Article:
Yet Another Energy Storage Breakthrough Coming, Thanks To “Weirdly Exciting” New Substance
Tina Casey for CleanTechnica: Energy storage is already accelerating the transition to wind and solar energy, and things are about to get a little more interesting. Scientists at the Energy Department’s Lawrence Berkeley National Laboratory have come up with a new bijel that could have some interesting energy storage applications. They’re still trying to find the right adjectives to describe it, but “weirdly exciting” seems to fit the bill for now.
What, Exactly, Is A Bijel?
Bijel is short for “bicontinuous jammed emulsion gels.” If that sounds somewhat mysterious, it’s really not. You can almost DIY your own bijel right at the dinner table. Here’s the explainer from Berkeley Lab:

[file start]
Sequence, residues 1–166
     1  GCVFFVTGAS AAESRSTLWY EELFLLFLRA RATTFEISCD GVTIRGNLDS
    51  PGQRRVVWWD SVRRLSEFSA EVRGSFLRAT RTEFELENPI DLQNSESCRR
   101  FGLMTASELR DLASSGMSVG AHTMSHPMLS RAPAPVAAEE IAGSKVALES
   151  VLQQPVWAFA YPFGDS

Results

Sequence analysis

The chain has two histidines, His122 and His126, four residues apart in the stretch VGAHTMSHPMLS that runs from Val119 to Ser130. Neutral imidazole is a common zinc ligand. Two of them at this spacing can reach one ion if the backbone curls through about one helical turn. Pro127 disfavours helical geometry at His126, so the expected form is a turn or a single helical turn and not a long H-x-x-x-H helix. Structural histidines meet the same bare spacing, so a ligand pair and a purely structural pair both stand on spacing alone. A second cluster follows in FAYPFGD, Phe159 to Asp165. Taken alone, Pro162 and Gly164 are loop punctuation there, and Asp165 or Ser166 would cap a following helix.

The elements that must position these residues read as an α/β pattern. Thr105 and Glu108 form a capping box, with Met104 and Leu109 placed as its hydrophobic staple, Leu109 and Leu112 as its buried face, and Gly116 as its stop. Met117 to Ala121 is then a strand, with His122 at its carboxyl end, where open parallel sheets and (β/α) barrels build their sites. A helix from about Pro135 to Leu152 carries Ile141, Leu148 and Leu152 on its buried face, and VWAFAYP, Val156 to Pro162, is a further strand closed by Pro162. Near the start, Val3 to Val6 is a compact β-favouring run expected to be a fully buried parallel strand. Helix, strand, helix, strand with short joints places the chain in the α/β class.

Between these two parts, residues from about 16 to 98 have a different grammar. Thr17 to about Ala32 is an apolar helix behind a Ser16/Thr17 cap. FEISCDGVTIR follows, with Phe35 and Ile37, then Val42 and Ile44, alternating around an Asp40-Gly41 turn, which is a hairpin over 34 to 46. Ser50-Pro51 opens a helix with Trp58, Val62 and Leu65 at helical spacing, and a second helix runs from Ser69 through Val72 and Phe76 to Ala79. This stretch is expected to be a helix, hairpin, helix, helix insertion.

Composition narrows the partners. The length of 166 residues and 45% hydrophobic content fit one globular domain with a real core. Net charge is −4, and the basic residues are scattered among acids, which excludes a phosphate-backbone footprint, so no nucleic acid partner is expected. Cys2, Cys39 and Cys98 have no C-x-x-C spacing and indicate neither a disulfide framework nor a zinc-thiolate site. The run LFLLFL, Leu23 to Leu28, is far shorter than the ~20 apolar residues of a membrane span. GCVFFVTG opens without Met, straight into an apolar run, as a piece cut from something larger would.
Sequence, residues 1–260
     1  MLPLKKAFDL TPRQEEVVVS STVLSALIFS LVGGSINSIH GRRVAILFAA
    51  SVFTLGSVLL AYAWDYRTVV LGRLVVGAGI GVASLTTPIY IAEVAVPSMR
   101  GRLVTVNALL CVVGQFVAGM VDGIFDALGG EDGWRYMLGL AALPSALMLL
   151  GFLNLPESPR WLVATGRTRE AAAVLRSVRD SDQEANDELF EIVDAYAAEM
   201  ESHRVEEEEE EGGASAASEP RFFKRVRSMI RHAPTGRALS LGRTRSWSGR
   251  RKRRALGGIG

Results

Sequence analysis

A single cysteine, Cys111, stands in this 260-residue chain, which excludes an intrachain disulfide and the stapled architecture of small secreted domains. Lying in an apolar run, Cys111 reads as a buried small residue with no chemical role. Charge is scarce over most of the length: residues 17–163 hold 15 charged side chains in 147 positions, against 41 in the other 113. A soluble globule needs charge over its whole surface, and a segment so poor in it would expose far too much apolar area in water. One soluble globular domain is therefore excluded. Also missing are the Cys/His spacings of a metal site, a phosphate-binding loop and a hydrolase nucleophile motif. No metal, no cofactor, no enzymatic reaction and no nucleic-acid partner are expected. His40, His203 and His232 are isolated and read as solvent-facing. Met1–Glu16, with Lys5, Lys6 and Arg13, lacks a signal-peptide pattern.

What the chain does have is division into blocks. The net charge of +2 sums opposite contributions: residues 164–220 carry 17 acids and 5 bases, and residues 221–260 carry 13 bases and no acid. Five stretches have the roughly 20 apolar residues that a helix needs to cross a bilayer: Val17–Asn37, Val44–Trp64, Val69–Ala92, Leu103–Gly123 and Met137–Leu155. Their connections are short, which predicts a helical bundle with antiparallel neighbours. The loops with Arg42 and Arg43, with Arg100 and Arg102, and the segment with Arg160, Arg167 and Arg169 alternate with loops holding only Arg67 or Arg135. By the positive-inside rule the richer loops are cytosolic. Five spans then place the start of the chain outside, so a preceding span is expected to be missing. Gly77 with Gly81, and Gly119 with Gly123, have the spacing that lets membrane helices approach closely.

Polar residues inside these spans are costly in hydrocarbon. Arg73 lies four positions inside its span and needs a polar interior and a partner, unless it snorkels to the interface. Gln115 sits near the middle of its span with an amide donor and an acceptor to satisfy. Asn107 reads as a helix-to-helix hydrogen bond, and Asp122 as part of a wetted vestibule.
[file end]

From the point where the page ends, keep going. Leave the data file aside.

Bijels are typically made of immiscible, or non-mixing, liquids. People who shake their bottle of vinaigrette before pouring the dressing on their salad are familiar with such liquids. As soon as the shaking stops, the liquids start to separate again, with the lower density liquid – often oil – rising to the top.
The key word is almost. Those spherical droplets in your vinaigrette bottle are as close to true bijellery as you can get.
The unique feature of bijels is that the two liquids can’t separate. The particles are “jammed” at the interface where they meet. Instead of distinct droplets, they form a web of channels.
That feature provides bijels with a wide range of applications in energy storage and other areas involving catalysis, conductivity, and energy conversion — potentially, that is.
In addition to issues involving the fabrication of bijels, the main catch is that the fluid channels are too wide to be of much use in energy conversion applications. Full Article:
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